In the past week, over 10,000 people have joined EyeWire, a citizen science neuron mapping game from Seung Lab at MIT.
I’m about 8 weeks new in this wonderful lab and have started mixing things up a bit. What do typical researchers do on a daily basis? Who knows! They’re spectacular and secretive creatures. Seung Lab is not so secretive. Dev ninjas have even started doing spontaneous video sessions (who knew you could catch a ninja on video?!) and our whole team hosted a G+ hangout during a Christmas party, which might have included copious amounts of alcohol, dancing and wouldn’t have been complete without popping champagne. Our cameras are locked and loaded — charged and mic’d up. Don’t you love it when scientists have personality (yea that’s a GIF of Sebastian dancing created by EyeWirer Dylan Holtz), a sense of humor and are willing to share it with the world? I sure as hell do. I think it makes science more attractive and accessible, which is, in the words of brewery Sam Adams, always a good decision.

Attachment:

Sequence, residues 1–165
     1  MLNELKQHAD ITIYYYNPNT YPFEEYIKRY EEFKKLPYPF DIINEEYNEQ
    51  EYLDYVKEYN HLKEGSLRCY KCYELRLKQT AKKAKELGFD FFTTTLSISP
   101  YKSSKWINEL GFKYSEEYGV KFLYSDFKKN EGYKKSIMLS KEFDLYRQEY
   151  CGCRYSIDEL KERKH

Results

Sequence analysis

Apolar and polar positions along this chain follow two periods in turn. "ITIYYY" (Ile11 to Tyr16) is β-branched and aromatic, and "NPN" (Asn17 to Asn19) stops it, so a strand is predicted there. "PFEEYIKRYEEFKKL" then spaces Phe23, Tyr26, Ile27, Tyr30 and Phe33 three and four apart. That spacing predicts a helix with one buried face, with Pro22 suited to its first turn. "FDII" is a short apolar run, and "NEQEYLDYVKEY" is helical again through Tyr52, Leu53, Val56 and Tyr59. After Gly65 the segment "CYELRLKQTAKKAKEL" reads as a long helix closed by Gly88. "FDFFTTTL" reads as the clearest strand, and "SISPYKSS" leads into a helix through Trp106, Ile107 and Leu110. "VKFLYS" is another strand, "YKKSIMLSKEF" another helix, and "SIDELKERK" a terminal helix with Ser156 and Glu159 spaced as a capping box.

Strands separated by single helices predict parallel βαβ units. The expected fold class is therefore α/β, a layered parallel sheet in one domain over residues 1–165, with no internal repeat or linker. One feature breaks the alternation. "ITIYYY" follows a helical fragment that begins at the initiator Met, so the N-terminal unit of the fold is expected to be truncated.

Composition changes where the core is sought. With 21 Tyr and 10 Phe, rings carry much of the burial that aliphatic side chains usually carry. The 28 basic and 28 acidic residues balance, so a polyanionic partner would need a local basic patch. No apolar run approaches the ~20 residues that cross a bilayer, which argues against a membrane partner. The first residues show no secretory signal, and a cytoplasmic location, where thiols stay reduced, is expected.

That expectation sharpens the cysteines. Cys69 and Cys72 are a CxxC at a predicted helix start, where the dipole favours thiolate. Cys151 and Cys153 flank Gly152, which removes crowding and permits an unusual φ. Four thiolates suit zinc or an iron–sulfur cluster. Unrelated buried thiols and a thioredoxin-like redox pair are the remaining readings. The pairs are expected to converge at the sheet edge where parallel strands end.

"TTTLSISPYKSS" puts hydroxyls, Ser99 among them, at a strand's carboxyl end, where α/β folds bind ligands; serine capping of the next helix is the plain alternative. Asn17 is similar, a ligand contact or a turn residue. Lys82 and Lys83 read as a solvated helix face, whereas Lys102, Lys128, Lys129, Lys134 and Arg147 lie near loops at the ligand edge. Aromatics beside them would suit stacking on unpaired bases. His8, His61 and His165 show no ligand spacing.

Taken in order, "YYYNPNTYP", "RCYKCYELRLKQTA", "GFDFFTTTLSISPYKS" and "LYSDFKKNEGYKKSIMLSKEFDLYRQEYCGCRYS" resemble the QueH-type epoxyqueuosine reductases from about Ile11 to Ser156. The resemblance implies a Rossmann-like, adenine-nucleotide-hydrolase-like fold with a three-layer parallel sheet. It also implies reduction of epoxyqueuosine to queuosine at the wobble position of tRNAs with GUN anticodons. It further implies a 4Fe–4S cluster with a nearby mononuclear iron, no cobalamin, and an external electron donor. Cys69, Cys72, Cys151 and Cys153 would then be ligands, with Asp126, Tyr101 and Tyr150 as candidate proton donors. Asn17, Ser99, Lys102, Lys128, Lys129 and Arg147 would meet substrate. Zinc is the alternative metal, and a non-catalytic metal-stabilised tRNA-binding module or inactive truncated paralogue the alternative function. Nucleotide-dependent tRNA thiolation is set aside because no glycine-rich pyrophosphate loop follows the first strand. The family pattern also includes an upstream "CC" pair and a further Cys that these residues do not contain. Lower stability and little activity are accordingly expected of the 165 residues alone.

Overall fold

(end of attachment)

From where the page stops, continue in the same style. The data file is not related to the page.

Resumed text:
As you can see, we take science — but not ourselves — seriously here.
That was created by EyeWirer Adam Brabant.
Seriously, though, Why EyeWire? You could read this post….or watch the video below.
We interviewed Harvard’s Joshua Sanes (a legend among neuroscientists.. though admittedly I did not know this chap until I learned he discovered a new cell, which made me wonder: if the EyeWire community discovers new cells, do they get to name them? If I have anything to say about it, new cells will not be called “Junctional Adhesion Molecule B” Cells. No, no. I’d opt for the “epic” neuron so that people come to know us as the Discoverers of Epic).
A little EyeWire Tutorial:
More videos are coming, including action-packed theatrical trailers, ultramicrotome drama, and dancing (lots of dancing) from Sebastian. Oh yea, and educational productions. After all, we do want to create a smarter world. I leave you with this: Sebastian goes Gangnam style. Created by Seung Lab’s great Spaniard postdoc Ignacio aka Nacho.
“Discover what is to be taken seriously and laugh at the rest,” Herman Hesse.
Want more examples of rad science videos making a splash? Check out